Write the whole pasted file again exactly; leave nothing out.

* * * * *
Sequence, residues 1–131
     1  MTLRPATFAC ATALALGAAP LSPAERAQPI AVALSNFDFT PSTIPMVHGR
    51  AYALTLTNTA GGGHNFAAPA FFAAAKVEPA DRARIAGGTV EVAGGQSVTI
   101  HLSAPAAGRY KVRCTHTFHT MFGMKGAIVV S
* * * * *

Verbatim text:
Sequence, residues 1–131
     1  MTLRPATFAC ATALALGAAP LSPAERAQPI AVALSNFDFT PSTIPMVHGR
    51  AYALTLTNTA GGGHNFAAPA FFAAAKVEPA DRARIAGGTV EVAGGQSVTI
   101  HLSAPAAGRY KVRCTHTFHT MFGMKGAIVV S